First Year

Fall Quarter

Winter Quarter

 

 

 

 

 

 

 

DC 501

STORYTELLING FOR THE SCREENWRITER

Students begin their screenwriting journey with a strong foundation in the basic building blocks of solid, engaging storytelling. Students will mine their own lives in order to create memorable stories, characters, and settings. Additionally, students will learn basic screenwriting skills such as character development, constructing atmosphere, and the fundamental components of a scene. PREREQUISITE(S): None

DC 502

STORY STRUCTURES

Advanced critical analysis of multiple film structures beginning with a solid understanding of classically structured linear narratives told in three acts and ultimately exploring non-traditional feature film structures including but not limited to: ensemble, multiple protagonist, non-linear and episodic. Films will range from classic Hollywood films to contemporary independent films. Students will learn various theorists' approaches to terminology (which may include Snyder, Field, Campbell, and Howard) in order to develop a language with which to discuss scripts and finished films, both other people's work as well as in developing their own. PREREQUISITE(S): None

DC 503

STUDIO DEVELOPMENT

This advanced course examines the development process that enables the screenplay's journey from draft to screen. By crafting professional coverage and development notes, the class will deconstruct feature length scripts and student work in an effort to forge them into cinematically viable properties. The assignments and class discussions are designed to expose the inner workings of Hollywood and provide a framework for what it takes to succeed in the entertainment industry. Enrollment is only open to MFA students. PREREQUISITE(S): None

DC 402

WRITING THE FEATURE I

This course focuses on creating a well-vetted original concept, step outline and first act fora feature length screenplay. Students will analyze the conventions of plot and character driven narratives and participation in workshop sessions in an effort to develop their unique voice on the page. This script should be completed, revised and polished in DC 403 and DC 404. PREREQUISITE(S): DC 501

DC 400

WRITING THE TELEVISION SPEC SCRIPT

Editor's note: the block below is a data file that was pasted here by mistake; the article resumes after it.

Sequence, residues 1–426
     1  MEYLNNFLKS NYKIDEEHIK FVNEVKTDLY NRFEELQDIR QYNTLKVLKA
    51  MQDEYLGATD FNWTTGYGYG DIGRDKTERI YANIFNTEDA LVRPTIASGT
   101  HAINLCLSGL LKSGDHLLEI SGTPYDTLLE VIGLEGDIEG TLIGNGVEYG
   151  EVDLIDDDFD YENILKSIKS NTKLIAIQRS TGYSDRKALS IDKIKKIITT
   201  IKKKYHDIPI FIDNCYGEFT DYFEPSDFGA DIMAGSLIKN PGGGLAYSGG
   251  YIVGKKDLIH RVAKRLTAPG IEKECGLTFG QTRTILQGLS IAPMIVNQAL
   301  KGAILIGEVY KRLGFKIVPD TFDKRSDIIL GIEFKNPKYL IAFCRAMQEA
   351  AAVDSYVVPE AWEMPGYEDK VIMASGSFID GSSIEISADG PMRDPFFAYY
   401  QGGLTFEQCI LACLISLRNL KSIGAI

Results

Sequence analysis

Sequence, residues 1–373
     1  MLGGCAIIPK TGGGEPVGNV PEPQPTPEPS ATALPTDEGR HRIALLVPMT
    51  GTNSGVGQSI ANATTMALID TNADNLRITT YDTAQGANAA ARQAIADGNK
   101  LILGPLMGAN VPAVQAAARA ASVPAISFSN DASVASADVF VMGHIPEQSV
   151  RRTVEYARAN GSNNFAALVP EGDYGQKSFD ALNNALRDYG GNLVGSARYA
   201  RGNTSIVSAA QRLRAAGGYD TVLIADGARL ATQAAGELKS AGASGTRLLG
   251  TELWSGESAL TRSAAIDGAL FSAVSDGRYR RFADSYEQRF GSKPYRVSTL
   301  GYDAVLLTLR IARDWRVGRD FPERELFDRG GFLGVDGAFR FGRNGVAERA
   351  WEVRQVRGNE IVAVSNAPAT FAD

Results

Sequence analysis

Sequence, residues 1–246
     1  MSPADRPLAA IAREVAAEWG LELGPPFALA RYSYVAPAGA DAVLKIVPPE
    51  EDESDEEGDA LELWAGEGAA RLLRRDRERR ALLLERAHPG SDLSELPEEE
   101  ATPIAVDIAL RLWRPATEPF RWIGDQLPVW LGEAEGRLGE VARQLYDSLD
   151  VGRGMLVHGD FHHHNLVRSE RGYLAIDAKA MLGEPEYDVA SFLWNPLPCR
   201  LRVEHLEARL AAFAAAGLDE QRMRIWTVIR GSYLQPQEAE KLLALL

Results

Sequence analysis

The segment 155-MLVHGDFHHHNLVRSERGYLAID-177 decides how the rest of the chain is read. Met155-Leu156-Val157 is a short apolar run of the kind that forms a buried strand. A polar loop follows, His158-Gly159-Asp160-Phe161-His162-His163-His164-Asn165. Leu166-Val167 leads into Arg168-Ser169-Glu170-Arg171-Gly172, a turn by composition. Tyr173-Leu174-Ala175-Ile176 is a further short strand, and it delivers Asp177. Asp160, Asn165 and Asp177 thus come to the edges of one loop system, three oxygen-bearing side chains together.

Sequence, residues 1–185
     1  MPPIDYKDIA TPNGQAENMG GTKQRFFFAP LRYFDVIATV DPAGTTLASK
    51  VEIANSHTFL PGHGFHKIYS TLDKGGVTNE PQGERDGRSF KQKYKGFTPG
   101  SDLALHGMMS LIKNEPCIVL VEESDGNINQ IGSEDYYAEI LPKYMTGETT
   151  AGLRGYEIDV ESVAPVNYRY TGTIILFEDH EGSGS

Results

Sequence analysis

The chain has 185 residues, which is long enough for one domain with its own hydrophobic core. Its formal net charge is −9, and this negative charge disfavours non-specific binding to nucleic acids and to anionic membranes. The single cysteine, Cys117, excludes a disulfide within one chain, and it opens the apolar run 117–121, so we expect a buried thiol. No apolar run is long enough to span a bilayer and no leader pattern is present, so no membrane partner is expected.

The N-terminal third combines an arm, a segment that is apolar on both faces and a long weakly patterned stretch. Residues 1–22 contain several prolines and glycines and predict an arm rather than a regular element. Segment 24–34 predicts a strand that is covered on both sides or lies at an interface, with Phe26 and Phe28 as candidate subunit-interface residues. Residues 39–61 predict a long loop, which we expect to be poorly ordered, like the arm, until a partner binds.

In this class, students will learn the basic teleplay structures for both half-hour and hour-long television shows. Students will choose an existing show and write a spec episode, practicing the skills of matching character voice, structure, and tone. PREREQUISITE(S): DC 101, DC 201, or DC 501

DC 403

WRITING THE FEATURE II

This course focuses on completing the second and third acts of the feature length screenplay that was developed in DC 402. Class discussions and workshop sessions will help students support the main conflict of their narrative through the use of rising action, character development and adherence to three-act structure. Students must possess a completed first act for a feature length screenplay in order to enroll in the course. PREREQUISITE(S): DC 402 or DC 405

DC 405

TOPICS IN SCREENWRITING

Advanced study in screenwriting focusing on a specific genre each quarter such as: Science Fiction, Film Noir, Comedy, Action-Adventure, Nonfiction, etc. May be repeated for credit. PREREQUISITE(S): DC 201

DC 480

PROJECT BLUELIGHT

Production of a feature-length digital motion picture written by students or faculty within the Digital Cinema program. Students will work as crew under supervision of faculty members heading each of the various production areas. Goal is to produce a completed digital motion picture suitable for festivals or distribution. In addition to production work, graduate students are required will write a 7-10 page paper which analyzes the experience and how it relates to their MS/MFA course of study.
Prerequisites:
CDM graduate students in the Preqrequisite Phase are restricted from registering for this class.

DC 561

THESIS I

In this class, students complete a feature length outline and first act of their thesis script. Extensive feedback from in-class workshops and thesis advisors provide a viable framework for the completion of the project, which is completed in Thesis II and III. PREREQUISITE(S): Instructor permission
Prerequisites:
CDM graduate students in the Preqrequisite Phase are restricted from registering for this class.

DC 406

WRITING THE SITCOM

In this course, students analyze half hour situational comedy teleplays. The course will feature a specific focus on story-telling styles and techniques of successful sitcom predecessors, various formats of sitcom teleplays, and methods for pushing original projects out into the world. Students will create an original sitcom pilot. PREREQUISITE(S): DC 400

DC 407

WRITING THE EPISODIC DRAMA

In this course, students analyze hour-long dramatic teleplays. This course features a specific focus on story-telling styles and techniques of successful dramatic predecessors, various formats of hour-long drama teleplays, and the definition and significance of "show bibles". Students will create an original hour long pilot. PREREQUISITE(S): DC 400

DC 562

THESIS II

In this class, students complete the second and third acts of their thesis script. Extensive feedback from in-class workshops and thesis advisors provide a viable framework for the completion of the project, which is completed in Thesis III. PREREQUISITE(S): DC 561
Prerequisites: